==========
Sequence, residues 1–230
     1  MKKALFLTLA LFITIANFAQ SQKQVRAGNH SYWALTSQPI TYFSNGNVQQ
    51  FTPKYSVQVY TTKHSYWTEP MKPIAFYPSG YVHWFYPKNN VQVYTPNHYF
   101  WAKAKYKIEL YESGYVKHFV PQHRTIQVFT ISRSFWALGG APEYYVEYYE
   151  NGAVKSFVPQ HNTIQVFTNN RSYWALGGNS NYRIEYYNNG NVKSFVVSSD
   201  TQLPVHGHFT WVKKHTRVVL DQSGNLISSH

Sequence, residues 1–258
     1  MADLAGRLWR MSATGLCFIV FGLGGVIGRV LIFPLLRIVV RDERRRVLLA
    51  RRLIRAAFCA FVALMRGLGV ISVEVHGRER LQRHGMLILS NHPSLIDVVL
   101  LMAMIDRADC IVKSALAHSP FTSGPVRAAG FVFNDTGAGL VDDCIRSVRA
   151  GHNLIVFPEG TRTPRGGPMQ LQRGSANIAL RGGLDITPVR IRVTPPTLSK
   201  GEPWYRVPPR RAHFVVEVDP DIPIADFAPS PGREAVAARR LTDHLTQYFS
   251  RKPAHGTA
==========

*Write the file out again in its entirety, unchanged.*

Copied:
Sequence, residues 1–230
     1  MKKALFLTLA LFITIANFAQ SQKQVRAGNH SYWALTSQPI TYFSNGNVQQ
    51  FTPKYSVQVY TTKHSYWTEP MKPIAFYPSG YVHWFYPKNN VQVYTPNHYF
   101  WAKAKYKIEL YESGYVKHFV PQHRTIQVFT ISRSFWALGG APEYYVEYYE
   151  NGAVKSFVPQ HNTIQVFTNN RSYWALGGNS NYRIEYYNNG NVKSFVVSSD
   201  TQLPVHGHFT WVKKHTRVVL DQSGNLISSH

Sequence, residues 1–258
     1  MADLAGRLWR MSATGLCFIV FGLGGVIGRV LIFPLLRIVV RDERRRVLLA
    51  RRLIRAAFCA FVALMRGLGV ISVEVHGRER LQRHGMLILS NHPSLIDVVL
   101  LMAMIDRADC IVKSALAHSP FTSGPVRAAG FVFNDTGAGL VDDCIRSVRA
   151  GHNLIVFPEG TRTPRGGPMQ LQRGSANIAL RGGLDITPVR IRVTPPTLSK
   201  GEPWYRVPPR RAHFVVEVDP DIPIADFAPS PGREAVAARR LTDHLTQYFS
   251  RKPAHGTA